This recipe appeared in my local newspaper at about the same time I got married. That was 30 years ago and I have been making this delicious “soup” for just as long! Many times I call it chicken “Popeye” because I feel you need to distinguish between a meat pie or chicken pot pie and this soup called chicken pot pie. As you can see, I believe you can understand the confusion. However, my very loving brother-in-law (and he knows who he is!) will argue with me and tell me it’s not “Popeye” but “Pot Pie”. I know he’s correct but why should I admit that to him….laugh out loud! Although the recipe calls for “lard”, you can use shortening but to me the pot pie noodles are so much more tender when you use lard so I continue to use it to this day.
8 chicken thighs (you can use legs also but use more legs if only using legs)
3 stalks celery chopped
4 carrots, chopped
1 medium onion, chopped
4 cans chicken broth
1 1/2 tbsp dried parsley (you can use fresh!)
freshly grated Pecorino Romano for topping
3 Cups flour, 3 Tbsp lard (or shortening), ½ tsp salt and 1 egg lightly beaten.
Blend the flour, lard and salt. Add the beaten egg and incorporate into the dough. Add a little water to form a sticky ball, adding more flour, if necessary. Set aside.
Put your chicken things and/or legs in a large, deep pot. Add water ¾ ways up pot. Add 2 tsp salt, 2 tsp pepper, 2 tsp garlic powder, 2 tsp onion powder, parsley and boil until chicken is almost done, about 20 minutes.
Put in celery, carrots and onion. Continue cooking 20 minutes. Taste your broth. You may need to add 1-2 cans of chicken broth.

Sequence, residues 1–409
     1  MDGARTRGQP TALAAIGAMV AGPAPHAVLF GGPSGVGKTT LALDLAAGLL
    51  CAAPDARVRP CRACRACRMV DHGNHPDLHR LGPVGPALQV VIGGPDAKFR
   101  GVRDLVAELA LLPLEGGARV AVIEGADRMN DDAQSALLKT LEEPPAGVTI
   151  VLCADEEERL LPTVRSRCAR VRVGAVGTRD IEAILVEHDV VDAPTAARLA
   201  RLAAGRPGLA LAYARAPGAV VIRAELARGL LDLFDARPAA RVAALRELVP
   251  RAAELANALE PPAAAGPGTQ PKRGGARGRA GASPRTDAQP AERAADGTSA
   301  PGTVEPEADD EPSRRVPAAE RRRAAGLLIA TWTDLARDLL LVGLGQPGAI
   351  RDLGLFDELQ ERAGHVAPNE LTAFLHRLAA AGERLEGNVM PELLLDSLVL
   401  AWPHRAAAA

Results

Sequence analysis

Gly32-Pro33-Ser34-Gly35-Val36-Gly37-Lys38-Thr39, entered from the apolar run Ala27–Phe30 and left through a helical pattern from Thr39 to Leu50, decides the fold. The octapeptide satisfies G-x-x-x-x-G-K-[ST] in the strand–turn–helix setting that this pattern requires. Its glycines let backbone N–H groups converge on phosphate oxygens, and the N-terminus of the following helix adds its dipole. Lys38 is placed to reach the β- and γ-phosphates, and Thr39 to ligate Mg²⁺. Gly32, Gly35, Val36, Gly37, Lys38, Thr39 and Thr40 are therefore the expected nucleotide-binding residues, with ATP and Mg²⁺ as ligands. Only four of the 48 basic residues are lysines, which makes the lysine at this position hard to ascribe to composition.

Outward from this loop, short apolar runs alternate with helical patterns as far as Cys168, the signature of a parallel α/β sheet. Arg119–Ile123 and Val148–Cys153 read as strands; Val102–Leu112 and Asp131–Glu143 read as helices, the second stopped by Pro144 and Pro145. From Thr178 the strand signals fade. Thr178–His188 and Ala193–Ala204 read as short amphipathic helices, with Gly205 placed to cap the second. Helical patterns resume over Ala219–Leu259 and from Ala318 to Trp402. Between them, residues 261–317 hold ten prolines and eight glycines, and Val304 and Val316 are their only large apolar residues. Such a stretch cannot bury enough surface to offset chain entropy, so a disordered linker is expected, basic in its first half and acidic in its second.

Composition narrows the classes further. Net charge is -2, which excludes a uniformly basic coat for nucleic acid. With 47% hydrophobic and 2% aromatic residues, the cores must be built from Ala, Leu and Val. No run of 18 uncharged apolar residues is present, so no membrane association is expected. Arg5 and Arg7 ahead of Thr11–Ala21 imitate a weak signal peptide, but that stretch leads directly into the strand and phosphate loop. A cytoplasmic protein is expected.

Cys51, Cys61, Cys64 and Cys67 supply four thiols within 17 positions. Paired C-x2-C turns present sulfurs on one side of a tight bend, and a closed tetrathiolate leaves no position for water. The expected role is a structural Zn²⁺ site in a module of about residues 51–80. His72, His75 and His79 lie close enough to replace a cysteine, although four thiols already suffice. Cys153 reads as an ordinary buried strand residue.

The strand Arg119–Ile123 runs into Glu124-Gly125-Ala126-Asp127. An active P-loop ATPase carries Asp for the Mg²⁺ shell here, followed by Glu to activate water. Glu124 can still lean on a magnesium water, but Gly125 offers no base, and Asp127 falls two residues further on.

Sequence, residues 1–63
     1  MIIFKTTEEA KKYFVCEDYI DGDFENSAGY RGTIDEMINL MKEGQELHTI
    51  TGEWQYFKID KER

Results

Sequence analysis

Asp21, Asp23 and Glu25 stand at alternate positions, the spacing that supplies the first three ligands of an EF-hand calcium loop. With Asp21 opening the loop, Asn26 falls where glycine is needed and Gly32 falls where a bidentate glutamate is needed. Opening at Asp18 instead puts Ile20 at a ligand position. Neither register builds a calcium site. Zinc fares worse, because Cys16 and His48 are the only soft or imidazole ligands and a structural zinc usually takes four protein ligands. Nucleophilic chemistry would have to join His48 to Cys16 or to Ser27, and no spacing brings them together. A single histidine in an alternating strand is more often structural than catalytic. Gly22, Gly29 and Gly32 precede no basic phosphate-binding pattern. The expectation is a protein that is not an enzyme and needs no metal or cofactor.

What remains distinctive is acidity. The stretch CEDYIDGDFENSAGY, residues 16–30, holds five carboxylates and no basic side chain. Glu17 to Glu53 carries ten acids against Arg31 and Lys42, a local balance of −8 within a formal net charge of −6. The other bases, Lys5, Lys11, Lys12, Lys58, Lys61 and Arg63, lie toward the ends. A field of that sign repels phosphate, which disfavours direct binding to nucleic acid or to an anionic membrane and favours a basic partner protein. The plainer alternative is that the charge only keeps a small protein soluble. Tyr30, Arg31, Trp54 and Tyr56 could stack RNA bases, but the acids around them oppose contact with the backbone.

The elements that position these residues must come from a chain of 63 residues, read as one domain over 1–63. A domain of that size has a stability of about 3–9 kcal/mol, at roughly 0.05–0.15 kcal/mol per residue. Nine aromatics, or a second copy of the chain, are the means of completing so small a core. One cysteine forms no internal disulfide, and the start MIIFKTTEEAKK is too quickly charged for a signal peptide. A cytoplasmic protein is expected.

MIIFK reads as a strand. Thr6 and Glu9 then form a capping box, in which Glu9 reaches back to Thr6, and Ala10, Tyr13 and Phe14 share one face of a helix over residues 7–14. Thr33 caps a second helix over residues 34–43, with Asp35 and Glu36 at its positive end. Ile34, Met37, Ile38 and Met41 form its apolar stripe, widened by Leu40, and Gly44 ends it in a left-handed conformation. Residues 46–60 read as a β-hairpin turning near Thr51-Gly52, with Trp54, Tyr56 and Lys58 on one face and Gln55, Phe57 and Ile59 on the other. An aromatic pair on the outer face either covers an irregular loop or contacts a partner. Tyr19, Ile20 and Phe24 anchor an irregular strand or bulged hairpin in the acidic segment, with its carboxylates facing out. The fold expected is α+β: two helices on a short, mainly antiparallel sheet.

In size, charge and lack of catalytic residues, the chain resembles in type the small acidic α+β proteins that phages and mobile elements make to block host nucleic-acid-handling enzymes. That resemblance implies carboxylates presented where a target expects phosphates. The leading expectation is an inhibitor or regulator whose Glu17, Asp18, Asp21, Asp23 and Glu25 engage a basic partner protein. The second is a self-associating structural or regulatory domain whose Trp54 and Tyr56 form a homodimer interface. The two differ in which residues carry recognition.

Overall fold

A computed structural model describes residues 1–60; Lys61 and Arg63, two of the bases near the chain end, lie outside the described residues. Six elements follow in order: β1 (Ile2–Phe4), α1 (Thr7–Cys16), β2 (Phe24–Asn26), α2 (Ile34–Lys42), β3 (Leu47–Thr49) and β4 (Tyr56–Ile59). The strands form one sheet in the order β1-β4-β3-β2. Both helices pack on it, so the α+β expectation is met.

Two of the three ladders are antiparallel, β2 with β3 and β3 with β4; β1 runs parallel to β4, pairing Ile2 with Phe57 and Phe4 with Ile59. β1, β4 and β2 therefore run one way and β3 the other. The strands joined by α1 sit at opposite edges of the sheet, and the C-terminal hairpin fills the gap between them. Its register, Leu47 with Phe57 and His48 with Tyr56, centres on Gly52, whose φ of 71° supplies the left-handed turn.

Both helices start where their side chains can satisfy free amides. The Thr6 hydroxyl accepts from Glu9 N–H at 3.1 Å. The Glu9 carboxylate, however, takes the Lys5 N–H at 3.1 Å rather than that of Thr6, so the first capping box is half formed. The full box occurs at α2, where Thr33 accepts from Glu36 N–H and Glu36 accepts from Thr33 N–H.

After you place the celery, carrots and onions in the broth and while broth is cooking, start rolling and cutting dough.
Take a piece of the dough (about 1/3) and roll very thin on a floured board. Be sure there is enough flour on your board. When you first start rolling the dough, you may have to flip it over but be sure to add more flour underneath on the board. Cut into squares with a pizza cutter or knife. Drop into boiling water (I just take my board to the pot and slid the buggers right into the pot). Continue doing this until all the dough is in the pot. Reduce heat a notch or two and boil an additional 15-20 minutes or until dough is tender. Occasionally stir the soup, making sure to scrape bottom of pot so it doesn’t stick to the bottom. Taste broth. Add more broth, if necessary.
Top your bowl of pot pie with a tablespoon or so of freshly grated Pecorino Romano. Never use that “shaker cheese”! Don’t put the cheese in the pot or it will spoil when stored in refrigerator. Just add it to each serving.
To make your own fresh grated Pecorino Romano, just buy blocks of it at a warehouse or grocery store (much more money) and cut into chunks and throw in your food processor. I use a Ninja. Grind until very fine. Store in an airtight container in your refrigerator. You can also store some in an airtight container or gallon baggie in the freezer. It never freezes but lasts very long.